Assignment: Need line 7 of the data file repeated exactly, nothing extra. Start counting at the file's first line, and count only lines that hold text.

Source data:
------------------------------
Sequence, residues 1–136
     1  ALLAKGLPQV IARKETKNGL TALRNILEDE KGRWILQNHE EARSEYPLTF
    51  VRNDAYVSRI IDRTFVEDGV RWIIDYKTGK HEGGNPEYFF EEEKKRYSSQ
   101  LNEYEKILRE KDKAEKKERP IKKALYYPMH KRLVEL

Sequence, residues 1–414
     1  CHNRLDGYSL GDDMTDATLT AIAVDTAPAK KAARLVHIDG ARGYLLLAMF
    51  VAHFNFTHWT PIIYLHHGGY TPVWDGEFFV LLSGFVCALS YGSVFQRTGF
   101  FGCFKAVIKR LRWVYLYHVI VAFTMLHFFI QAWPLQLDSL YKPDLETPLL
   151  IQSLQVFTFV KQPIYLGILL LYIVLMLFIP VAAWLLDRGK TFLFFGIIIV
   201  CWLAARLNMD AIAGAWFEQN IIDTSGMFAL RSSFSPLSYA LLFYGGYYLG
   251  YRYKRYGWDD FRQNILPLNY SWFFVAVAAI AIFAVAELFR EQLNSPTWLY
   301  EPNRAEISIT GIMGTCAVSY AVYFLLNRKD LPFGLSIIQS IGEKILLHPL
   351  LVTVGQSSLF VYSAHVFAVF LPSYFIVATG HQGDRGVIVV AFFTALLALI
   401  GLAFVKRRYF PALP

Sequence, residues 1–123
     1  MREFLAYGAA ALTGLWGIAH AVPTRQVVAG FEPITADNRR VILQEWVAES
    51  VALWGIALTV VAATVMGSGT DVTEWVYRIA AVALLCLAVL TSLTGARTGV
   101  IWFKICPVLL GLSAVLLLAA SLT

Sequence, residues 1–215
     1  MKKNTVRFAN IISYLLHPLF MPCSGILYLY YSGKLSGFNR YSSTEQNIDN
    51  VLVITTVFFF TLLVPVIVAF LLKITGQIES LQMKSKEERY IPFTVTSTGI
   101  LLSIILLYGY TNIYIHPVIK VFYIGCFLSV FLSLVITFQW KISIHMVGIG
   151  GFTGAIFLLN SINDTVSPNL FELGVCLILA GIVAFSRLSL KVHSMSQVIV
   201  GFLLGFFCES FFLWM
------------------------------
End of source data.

    51  VAHFNFTHWT PIIYLHHGGY TPVWDGEFFV LLSGFVCALS YGSVFQRTGF